The afternoon was spent preparing the landing light mounting ribs for both wings along with the lens backing strips. The landing light ribs require a doubler plate to give them some rigidity in the area where the light mounts. AN426AD3-4 flush rivets are used secure the doubler plates onto the landing light ribs. The doubler plates were machine countersunk prior to priming, so they were ready to rivet onto the landing light ribs.
Using the pneumatic squeezer to secure one of
the doubler plates onto a landing light rib.
Front and back views of the landing light ribs
after the doubler plates were riveted in place.
The plans would have the builder drill mounting
holes into the Plexiglass lens along with trimming the lens at this point. However,
from everything I’ve read, it should not be attempted if the Plexiglass is
below 70 degrees. Guess I will need to wait until spring thaw to finish that aspect
of the landing light install.
While the pneumatic squeezer was in use, decided
to finish up the preparations for the lens backing strips used to secure each landing
light’s lens onto the W1203L&R wing skins. The backing strips receive
K1000-06 nut plates which require dimpling because the rivets used for mounting
the nutplates are flush rivets. The reason for this is the backing strip
compresses the Plexiglass lens onto the wing skin to keep it secure, therefore the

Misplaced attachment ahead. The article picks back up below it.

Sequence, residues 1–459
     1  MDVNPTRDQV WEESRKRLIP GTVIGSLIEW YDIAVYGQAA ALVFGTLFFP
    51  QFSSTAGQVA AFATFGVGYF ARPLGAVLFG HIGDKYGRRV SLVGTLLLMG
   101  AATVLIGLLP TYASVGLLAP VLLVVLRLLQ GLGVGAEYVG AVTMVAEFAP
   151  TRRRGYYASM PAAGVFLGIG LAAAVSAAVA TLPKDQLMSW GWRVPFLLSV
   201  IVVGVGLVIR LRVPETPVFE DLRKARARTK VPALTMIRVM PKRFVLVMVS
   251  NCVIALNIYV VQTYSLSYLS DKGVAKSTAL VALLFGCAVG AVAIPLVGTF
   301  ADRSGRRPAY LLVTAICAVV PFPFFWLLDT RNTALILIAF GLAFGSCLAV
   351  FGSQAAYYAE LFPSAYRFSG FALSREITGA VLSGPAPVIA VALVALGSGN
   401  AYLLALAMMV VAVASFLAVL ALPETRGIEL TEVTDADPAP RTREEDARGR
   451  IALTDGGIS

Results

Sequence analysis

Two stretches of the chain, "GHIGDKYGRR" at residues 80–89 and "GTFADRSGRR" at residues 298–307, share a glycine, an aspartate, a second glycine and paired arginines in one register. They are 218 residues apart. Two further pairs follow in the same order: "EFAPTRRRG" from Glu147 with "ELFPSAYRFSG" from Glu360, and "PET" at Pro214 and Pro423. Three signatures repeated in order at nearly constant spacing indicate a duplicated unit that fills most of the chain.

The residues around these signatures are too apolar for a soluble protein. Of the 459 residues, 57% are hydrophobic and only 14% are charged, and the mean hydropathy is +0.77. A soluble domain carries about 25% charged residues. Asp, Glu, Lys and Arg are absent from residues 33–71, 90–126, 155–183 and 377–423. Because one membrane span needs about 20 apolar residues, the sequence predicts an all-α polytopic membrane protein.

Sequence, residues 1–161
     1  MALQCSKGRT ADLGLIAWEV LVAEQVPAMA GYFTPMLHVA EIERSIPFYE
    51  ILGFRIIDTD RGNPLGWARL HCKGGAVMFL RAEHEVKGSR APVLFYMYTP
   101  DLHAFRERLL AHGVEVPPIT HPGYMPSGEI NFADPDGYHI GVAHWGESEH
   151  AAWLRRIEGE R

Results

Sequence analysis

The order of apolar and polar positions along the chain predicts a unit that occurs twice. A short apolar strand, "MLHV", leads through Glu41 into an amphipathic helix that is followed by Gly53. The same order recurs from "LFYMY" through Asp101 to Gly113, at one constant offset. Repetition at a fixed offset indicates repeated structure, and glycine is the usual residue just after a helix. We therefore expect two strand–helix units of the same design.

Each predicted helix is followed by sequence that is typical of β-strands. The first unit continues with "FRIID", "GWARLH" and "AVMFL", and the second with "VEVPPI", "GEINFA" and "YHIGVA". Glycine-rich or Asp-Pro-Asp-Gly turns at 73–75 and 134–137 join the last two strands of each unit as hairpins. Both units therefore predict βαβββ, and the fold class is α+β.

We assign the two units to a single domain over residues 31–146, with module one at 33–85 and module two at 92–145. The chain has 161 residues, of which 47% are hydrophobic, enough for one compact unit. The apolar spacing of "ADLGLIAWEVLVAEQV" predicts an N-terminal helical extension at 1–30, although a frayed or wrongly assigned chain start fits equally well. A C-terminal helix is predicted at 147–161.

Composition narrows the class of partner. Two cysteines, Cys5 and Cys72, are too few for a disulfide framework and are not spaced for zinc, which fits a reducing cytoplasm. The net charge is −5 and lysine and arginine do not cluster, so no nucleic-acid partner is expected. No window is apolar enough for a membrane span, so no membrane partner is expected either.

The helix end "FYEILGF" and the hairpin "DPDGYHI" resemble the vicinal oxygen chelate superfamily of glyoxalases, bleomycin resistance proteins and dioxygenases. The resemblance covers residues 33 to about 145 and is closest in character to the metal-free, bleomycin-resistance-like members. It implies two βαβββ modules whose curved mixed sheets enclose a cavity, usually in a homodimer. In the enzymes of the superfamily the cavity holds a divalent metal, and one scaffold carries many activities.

backing strips need to be smooth so they won’t crack the lens. The backing
strip rivet holes were dimpled prior to priming as were the nutplates … so once
again it was easy to just rivet the previously prepared components together.
Using a pneumatic squeezer to rivet a K1000-06
nutplate onto one
of the lens backing strips with AN426AD3-3.5 rivets.
Completed lens backing strips for both landing lights
… ready for final assembly.
The rivet holes in the W1203L skin for mounting landing
light ribs have not been drilled yet. I wanted to see if it was possible to
insure a really perfect fit for the landing light ribs between the top and
bottom of the W1203L wing skin … so I experimented a little. I temporally
mounted the landing light onto the landing light ribs and tried to position the
assembly perfectly behind the leading edge. That idea turned out to be pure
folly because it was almost impossible to hold the light assembly in position
just to look at it, yet alone drill. Even if I had another pair of hands, I don’t
think my small 90degree drill would have been usable in the cramped quarters.
Guess I will have to use the template with blind faith and hope for the best.